Satish N. Nadig, M.D., Ph.D., surgical director of the pediatric and living donor transplant programs at the Medical University of South Carolina (MUSC), discusses the advantages of a new kind of kidney chain, one in which all participants – from the altruistic donor to the final (often pediatric) recipient — are MUSC patients. Kidney chains are typically arranged through national registries, and MUSC has been and continues to be active in this sort of kidney chain. However, as Dr. Nadig explains, developing kidney chains that are entirely internal to MUSC helps make more kidneys from living donors available to adult and pediatric patients in South Carolina and helps reduce cold time.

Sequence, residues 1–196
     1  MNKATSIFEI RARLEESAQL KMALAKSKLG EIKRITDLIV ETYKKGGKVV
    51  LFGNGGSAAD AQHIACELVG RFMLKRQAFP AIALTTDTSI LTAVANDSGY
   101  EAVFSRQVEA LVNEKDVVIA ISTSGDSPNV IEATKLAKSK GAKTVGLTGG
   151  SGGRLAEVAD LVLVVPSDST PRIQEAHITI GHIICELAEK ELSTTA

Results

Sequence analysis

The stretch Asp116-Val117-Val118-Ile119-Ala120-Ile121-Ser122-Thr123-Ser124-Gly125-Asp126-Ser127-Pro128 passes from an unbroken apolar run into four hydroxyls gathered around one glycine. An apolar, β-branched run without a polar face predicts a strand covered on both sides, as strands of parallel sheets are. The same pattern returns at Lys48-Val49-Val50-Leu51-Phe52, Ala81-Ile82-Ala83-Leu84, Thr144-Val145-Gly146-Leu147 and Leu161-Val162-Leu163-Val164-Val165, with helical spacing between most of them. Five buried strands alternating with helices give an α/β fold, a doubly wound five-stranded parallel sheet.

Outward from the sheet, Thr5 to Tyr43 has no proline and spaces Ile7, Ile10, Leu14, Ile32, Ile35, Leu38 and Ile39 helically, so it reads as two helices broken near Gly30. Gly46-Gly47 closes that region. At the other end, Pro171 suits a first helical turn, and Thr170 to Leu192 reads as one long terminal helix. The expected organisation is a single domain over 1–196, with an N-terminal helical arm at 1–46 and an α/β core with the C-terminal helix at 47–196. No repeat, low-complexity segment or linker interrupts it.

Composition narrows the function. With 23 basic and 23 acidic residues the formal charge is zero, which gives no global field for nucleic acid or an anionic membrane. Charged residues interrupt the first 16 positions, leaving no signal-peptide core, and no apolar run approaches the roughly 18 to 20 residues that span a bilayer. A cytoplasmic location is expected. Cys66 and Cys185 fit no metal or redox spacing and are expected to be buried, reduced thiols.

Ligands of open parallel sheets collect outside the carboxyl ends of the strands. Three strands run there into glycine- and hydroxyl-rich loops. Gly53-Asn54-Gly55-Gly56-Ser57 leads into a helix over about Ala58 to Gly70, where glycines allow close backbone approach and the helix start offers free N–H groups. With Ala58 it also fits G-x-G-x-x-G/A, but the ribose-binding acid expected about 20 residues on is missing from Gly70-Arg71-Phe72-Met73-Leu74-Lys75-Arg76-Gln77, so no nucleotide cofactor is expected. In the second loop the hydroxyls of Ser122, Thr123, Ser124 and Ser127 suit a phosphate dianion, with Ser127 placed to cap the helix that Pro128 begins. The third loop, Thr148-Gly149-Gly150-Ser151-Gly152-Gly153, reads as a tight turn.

Kidney chains offer a novel way to overcome the obstacle of “matching” in living donor transplants. Often, a family member is willing to donate a kidney, but the kidney is not a good match for the intended recipient. A kidney chain is initiated when an altruistic donor agrees to give a kidney to a well-matched, unknown recipient who has a willing but unmatched donor. That unmatched donor of the first recipient then offers his or her kidney to an unknown, matched recipient, and the chain continues as logistics allow until it ends with a final recipient, often a pediatric patient.